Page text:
Over half of contingent workers would prefer permanent jobs
December 22, 1999
In February of this year, 53 percent of workers holding contingent jobs would have preferred to have permanent jobs.
However, a significant minority of contingent workers did prefer temporary work. Thirty-nine percent preferred to have a contingent arrangement, up slightly from 36 percent in the previous survey of contingent workers in February 1997.
Contingent workers are defined as those who do not have an explicit or implicit contract for long-term employment. The key factor used to determine if a worker’s job is contingent is whether the job is temporary or not expected to continue. Persons who do not expect to continue in their jobs for personal reasons such as retirement or returning to school are not considered contingent workers (provided that they would otherwise have the option of continuing in the job).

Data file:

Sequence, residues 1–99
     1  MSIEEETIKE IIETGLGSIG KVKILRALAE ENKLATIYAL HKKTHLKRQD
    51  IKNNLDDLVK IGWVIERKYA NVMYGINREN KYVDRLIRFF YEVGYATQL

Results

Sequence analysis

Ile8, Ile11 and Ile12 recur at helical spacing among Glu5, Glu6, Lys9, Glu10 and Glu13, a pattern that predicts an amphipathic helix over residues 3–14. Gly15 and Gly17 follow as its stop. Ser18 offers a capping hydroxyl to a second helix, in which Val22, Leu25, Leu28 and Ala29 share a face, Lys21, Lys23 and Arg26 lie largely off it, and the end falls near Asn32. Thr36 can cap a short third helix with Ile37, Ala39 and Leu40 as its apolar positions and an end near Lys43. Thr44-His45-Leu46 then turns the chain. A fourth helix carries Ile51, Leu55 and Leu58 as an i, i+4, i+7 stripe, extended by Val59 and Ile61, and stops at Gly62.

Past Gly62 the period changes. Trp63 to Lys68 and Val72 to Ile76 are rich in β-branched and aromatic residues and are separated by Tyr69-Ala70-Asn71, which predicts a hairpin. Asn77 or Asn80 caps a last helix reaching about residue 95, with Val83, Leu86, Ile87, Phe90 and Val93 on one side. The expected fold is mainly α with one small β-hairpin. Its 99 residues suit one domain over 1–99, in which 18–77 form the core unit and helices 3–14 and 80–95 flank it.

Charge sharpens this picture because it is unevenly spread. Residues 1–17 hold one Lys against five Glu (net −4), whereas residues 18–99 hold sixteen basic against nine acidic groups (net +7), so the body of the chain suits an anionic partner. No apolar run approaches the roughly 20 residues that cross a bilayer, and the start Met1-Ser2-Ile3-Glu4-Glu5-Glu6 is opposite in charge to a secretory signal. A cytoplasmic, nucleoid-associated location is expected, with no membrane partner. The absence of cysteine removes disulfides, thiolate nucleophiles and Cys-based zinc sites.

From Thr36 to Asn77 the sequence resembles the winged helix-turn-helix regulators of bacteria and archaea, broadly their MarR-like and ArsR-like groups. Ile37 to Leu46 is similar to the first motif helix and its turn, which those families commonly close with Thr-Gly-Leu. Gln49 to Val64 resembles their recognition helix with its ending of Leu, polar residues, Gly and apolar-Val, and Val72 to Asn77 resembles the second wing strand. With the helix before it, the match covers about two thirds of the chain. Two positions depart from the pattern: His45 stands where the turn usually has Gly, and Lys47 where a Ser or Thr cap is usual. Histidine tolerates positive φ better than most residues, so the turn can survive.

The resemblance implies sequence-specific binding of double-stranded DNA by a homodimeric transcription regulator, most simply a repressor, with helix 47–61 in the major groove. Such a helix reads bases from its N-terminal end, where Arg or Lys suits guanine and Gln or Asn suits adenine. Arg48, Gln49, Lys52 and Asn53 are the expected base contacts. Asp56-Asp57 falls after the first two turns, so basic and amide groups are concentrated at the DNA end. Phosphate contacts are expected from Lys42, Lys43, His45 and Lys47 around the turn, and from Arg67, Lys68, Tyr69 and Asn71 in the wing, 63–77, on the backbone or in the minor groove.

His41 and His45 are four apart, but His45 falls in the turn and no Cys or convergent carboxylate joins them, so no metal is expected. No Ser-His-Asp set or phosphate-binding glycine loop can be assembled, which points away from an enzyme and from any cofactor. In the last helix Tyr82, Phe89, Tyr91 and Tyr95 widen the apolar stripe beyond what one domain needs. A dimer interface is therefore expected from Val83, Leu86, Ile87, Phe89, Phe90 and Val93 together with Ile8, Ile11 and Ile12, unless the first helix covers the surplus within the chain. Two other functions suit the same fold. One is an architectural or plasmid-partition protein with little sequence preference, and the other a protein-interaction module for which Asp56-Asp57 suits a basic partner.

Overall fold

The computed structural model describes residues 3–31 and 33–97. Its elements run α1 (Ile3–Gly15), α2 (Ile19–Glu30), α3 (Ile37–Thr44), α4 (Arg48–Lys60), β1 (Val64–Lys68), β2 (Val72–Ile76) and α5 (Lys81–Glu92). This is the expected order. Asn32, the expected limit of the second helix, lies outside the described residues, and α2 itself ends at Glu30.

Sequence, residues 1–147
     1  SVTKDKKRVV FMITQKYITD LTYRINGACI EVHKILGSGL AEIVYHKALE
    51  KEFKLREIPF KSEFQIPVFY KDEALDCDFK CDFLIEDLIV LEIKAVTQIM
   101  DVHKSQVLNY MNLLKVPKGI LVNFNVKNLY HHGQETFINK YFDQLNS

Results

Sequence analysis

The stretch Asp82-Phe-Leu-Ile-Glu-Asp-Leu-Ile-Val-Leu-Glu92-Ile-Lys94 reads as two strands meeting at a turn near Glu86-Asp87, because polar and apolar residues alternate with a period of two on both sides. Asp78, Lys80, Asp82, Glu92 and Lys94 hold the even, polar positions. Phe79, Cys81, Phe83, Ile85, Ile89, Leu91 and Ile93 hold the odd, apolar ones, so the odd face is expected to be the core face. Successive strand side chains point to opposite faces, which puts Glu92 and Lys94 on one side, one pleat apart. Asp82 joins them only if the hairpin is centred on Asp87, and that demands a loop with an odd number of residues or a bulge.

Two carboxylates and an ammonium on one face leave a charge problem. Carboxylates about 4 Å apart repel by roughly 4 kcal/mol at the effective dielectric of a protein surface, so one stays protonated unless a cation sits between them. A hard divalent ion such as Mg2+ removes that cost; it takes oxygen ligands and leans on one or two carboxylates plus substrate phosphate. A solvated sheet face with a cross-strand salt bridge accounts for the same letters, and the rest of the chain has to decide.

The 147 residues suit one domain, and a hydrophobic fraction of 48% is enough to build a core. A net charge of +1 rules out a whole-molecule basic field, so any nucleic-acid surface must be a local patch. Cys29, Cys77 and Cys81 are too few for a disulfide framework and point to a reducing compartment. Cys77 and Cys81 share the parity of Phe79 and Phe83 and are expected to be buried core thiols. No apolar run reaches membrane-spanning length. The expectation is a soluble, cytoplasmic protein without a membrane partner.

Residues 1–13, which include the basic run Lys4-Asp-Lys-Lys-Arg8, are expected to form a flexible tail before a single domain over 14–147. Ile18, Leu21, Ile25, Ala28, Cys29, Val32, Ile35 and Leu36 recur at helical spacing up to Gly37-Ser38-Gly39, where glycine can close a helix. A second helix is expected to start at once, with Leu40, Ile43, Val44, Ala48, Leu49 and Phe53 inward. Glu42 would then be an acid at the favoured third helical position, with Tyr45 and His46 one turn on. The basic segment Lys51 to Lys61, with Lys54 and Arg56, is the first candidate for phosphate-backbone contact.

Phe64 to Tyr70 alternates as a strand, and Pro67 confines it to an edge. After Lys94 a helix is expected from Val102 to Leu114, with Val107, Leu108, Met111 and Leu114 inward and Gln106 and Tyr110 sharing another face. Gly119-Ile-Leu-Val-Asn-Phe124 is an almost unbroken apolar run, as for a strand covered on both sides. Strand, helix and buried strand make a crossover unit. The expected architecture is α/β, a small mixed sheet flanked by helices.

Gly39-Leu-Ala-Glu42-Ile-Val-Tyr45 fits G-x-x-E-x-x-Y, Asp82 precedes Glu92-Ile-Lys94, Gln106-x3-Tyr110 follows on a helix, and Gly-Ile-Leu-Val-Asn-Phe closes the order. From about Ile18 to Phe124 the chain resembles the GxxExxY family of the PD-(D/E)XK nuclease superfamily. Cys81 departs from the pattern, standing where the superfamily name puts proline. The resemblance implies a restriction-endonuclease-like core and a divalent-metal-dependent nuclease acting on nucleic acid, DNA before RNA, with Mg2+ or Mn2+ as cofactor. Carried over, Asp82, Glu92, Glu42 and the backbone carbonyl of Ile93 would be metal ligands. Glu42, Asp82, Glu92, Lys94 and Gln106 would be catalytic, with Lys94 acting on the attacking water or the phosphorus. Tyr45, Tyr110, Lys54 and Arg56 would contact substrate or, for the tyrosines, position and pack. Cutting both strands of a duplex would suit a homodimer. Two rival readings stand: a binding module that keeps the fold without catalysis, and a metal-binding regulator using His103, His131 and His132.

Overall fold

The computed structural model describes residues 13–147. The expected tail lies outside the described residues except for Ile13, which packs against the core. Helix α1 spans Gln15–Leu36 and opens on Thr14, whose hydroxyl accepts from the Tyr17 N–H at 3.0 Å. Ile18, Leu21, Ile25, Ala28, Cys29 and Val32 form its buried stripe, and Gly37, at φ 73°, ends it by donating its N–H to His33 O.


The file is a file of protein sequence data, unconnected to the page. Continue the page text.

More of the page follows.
These data are a product of a biennial supplement to the February 1999 Current Population Survey. Find out more in Contingent and Alternative Employment Arrangements, February 1999, news release USDL 99-362.
Bureau of Labor Statistics, U.S. Department of Labor, The Economics Daily, Over half of contingent workers would prefer permanent jobs on the Internet at http://www.bls.gov/opub/ted/1999/dec/wk3/art03.htm (visited July 31, 2015).
Recent editions of Spotlight on Statistics
New estimates of personal taxes in Consumer Expenditure Survey
In 2013, the Consumer Expenditure Survey improved its personal tax data.
Trends in long-term unemployment
Long-term unemployment reached historically high levels following the recession of 2007–2009.
Housing: before, during, and after the Great Recession
looks at consumer expenditures on household items, employment in residential construction, prices for household items, and injuries in occupations involved in building and maintaining our homes.